May 14, 2018 | Susan Napier-Sewell

Monday Accidents & Lessons Learned: Airplane Mode

When you hear the words “mode” and “aviation,” many of us who are frequent flyers may quickly intuit the discussion is heading toward the digital disconnection of our cellular voice and data connection in a device, or airplane mode. Webster defines “mode” as “a particular functioning arrangement or condition,” and an aircraft’s system’s operating mode is characterized by a particular list of active functions for a named condition, or “mode.” Multiple modes of operation are employed by most aircraft systems—each with distinct functions—to accommodate the broad range of needs that exist in the current operating environment.

With ever-increasing aviation mode complexities, pilots must be thoroughly familiar with scores of operating modes and functions. No matter which aircraft system is being operated, when a pilot is operating automation that controls an aircraft, the mode awareness, mode selection, and mode expectation are all capable of presenting hazards that require know-how and management. Sure, these hazards may be obvious, but they are also often complex and difficult to grasp.

NASA’s Aviation Safety Reporting System (ASRS) receives reports that suggest pilots are uninformed or unaware of a current operating mode, or what functions are available in a specific mode. At this juncture, the pilots experience the “What is it doing now?” syndrome. Often, the aircraft is transitioning to, or in, a mode the pilot didn’t select. Further, the pilot may not recognize that a transition has occurred. The aircraft then does something autonomously and unanticipated by the pilot, typically causing confusion and increasing the potential for hazard.

The following report gives us insight into the problems involving aircraft automation that pilots experience with mode awareness, mode selection, and mode expectation.

“On departure, an Air Carrier Captain selected the required navigation mode, but it did not engage. He immediately attempted to correct the condition and subsequently experienced how fast a situation can deteriorate when navigating in the wrong mode.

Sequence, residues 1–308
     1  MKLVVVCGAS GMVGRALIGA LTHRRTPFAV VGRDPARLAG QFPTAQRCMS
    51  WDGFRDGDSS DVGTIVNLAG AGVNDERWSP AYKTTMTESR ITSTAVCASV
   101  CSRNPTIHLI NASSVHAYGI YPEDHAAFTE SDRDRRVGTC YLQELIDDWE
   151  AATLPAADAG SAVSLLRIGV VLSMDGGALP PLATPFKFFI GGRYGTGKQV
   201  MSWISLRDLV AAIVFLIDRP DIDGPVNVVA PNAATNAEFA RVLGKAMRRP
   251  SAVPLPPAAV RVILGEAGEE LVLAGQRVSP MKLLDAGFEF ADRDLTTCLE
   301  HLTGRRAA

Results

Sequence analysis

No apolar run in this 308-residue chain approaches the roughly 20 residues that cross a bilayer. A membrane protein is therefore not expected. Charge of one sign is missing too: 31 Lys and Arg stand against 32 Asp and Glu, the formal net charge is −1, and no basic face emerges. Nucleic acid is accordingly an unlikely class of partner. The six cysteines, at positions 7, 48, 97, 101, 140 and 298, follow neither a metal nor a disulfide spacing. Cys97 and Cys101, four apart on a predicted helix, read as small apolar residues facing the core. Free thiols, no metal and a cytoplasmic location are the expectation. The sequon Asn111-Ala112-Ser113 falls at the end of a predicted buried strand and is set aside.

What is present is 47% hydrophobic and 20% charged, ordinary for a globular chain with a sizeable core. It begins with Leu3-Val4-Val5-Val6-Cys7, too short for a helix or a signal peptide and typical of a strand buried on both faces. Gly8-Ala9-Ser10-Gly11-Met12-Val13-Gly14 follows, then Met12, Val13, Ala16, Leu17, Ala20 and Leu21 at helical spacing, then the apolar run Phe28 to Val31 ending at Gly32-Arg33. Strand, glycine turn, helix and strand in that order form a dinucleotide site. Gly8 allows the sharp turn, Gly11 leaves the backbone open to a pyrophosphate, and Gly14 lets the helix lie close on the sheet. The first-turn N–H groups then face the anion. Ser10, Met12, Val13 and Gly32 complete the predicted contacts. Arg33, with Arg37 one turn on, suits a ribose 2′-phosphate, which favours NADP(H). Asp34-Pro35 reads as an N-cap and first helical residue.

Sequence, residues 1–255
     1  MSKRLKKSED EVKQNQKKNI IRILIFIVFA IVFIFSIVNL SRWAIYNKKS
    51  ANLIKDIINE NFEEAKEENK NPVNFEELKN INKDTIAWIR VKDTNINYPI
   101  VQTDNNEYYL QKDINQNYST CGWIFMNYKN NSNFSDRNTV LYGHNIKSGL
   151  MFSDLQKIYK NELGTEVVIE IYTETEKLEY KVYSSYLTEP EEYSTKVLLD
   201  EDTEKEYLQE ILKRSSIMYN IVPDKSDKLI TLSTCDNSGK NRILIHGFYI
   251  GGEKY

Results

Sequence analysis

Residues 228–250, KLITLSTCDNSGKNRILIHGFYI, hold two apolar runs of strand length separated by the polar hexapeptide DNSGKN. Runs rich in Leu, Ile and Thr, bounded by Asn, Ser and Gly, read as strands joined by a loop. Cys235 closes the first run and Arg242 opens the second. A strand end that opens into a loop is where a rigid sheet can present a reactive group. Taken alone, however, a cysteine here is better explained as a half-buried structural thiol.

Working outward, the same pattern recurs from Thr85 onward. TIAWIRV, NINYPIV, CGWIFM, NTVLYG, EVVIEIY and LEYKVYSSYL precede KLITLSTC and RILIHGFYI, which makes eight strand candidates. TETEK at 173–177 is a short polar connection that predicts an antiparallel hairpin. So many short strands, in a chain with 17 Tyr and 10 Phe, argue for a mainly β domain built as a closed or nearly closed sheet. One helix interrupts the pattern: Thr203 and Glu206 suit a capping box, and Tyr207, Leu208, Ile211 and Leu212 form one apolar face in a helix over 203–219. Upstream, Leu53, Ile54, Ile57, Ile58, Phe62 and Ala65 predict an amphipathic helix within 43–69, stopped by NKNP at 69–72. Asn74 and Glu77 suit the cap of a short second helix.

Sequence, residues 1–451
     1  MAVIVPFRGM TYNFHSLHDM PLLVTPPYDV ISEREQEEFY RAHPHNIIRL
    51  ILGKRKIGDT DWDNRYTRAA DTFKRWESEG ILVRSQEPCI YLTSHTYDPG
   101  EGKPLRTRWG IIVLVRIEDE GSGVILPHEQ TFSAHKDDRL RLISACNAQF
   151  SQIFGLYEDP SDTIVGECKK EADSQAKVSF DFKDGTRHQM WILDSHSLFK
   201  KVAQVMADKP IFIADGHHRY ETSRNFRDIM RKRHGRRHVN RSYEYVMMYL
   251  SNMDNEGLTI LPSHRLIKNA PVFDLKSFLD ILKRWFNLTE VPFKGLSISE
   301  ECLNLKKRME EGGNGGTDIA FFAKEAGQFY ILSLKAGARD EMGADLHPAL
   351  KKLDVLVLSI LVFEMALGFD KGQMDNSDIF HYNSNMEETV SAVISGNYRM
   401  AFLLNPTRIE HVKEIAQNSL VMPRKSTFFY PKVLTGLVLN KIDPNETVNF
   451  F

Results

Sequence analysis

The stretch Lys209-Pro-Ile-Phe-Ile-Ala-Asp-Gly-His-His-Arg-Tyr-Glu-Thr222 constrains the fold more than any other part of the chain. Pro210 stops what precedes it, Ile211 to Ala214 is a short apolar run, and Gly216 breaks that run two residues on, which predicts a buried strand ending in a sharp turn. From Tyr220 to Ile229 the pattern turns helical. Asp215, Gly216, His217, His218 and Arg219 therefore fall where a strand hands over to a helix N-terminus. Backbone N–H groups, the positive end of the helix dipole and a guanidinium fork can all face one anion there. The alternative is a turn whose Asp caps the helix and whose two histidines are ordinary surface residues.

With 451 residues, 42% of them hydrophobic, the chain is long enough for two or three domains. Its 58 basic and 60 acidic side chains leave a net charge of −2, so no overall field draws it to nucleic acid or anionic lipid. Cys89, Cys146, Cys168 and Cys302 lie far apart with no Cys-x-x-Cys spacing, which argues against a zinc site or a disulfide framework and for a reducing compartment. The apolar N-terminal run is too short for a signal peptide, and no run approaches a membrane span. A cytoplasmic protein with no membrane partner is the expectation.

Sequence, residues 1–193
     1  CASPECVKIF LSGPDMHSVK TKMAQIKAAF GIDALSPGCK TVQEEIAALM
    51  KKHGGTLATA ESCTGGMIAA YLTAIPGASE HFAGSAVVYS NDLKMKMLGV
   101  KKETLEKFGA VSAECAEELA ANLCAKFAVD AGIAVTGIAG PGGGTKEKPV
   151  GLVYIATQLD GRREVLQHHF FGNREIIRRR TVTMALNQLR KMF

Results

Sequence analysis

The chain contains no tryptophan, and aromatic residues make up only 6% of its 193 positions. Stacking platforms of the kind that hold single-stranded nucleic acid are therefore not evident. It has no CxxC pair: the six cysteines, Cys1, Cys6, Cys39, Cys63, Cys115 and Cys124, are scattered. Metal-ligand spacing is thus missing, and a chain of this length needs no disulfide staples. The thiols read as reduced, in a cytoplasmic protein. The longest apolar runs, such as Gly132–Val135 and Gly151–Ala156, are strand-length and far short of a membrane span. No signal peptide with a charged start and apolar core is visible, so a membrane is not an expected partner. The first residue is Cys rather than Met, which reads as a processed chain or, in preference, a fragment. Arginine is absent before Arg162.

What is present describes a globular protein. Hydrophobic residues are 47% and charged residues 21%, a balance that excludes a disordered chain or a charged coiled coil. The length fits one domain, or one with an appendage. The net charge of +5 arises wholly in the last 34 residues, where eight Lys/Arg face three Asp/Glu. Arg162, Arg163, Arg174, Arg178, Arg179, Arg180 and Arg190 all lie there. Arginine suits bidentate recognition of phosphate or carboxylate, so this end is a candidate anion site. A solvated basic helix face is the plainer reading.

“I was the Captain of the flight from Ronald Reagan Washington National Airport (DCA). During our departure briefing at the gate, we specifically noted that the winds were 170 at 6, and traffic was departing Runway 1. Although the winds favored Runway 19, we acknowledged that they were within our limits for a tailwind takeoff on Runway 1. We also noted that windshear advisories were in effect, and we followed required procedure using a no–flex, maximum thrust takeoff. We also briefed the special single engine procedure and the location of [prohibited airspace] P-56. Given the visual [meteorological] conditions of 10 miles visibility, few clouds at 2,000 feet, and scattered clouds at 16,000 feet, our method of compliance was visual reference, and we briefed, “to stay over the river, and at no time cross east of the river.

“Taxi out was normal, and we were issued a takeoff clearance [that included the JDUBB One Departure] from Runway 1. At 400 feet AGL, the FO was the Pilot Flying and incorrectly called for HEADING MODE. I was the Pilot Monitoring and responded correctly with “NAV MODE” and selected NAV MODE on the Flight Control Panel. The two lights adjacent to the NAV MODE button illuminated. I referenced my PFD and noticed that the airplane was still in HEADING MODE and that NAV MODE was not armed. Our ground speed was higher than normal due to the tailwind, and we were rapidly approaching the departure course. Again, I reached up and selected NAV MODE, with the same result. I referenced our location on the Multi-Function Display (MFD), and we were exactly over the intended departure course; however, we were still following the flight director incorrectly on runway heading. I said, “Turn left,” and shouted, “IMMEDIATELY!” The FO banked into a left turn. I observed the river from the Captain’s side window, and we were directly over the river and clear of P-56. I spun the heading bug directly to the first fix, ADAXE, and we proceeded toward ADAXE.

“Upon reaching ADAXE, we incorrectly overflew it, and I insisted the FO turn right to rejoin the departure. He turned right, and I said, “You have to follow the white needle,” specifically referencing our FMS/GPS navigation. He responded, “I don’t have a white needle.” He then reached down and turned the Navigation Selector Knob to FMS 2, which gave him proper FMS/GPS navigation. We were able to engage the autopilot at this point and complete the remainder of the JDUBB One Departure. I missed the hand–off to Departure Control, and Tower asked me again to call them, which I did. Before the hand–off to Center, the Departure Controller gave me a phone number to call because of a possible entry into P-56.”

We thank ASRS for this report, and for helping to underscore TapRooT®’s raison d’être.

We encourage you to use the TapRooT® System to find and fix problems. Attend one of our courses. We offer a basic 2-Day Course and an advanced 5-Day Course. You may also contact us about having a course at your site.

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